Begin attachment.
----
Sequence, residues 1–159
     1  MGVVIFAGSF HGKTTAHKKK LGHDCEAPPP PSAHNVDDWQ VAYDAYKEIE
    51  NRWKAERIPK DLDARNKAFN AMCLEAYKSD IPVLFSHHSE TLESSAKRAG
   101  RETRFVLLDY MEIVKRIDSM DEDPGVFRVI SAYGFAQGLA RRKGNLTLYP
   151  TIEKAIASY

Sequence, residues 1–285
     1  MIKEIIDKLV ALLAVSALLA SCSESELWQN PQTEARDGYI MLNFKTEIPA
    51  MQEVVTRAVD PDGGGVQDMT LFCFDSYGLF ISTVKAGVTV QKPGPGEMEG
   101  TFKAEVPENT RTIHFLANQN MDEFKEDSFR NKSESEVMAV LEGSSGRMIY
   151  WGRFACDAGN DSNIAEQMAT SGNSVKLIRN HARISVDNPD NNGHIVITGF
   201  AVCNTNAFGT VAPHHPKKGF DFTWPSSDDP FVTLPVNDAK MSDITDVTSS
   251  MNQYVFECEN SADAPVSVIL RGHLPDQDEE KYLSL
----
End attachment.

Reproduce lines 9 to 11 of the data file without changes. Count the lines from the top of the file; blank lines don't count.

   101  TFKAEVPENT RTIHFLANQN MDEFKEDSFR NKSESEVMAV LEGSSGRMIY
   151  WGRFACDAGN DSNIAEQMAT SGNSVKLIRN HARISVDNPD NNGHIVITGF
   201  AVCNTNAFGT VAPHHPKKGF DFTWPSSDDP FVTLPVNDAK MSDITDVTSS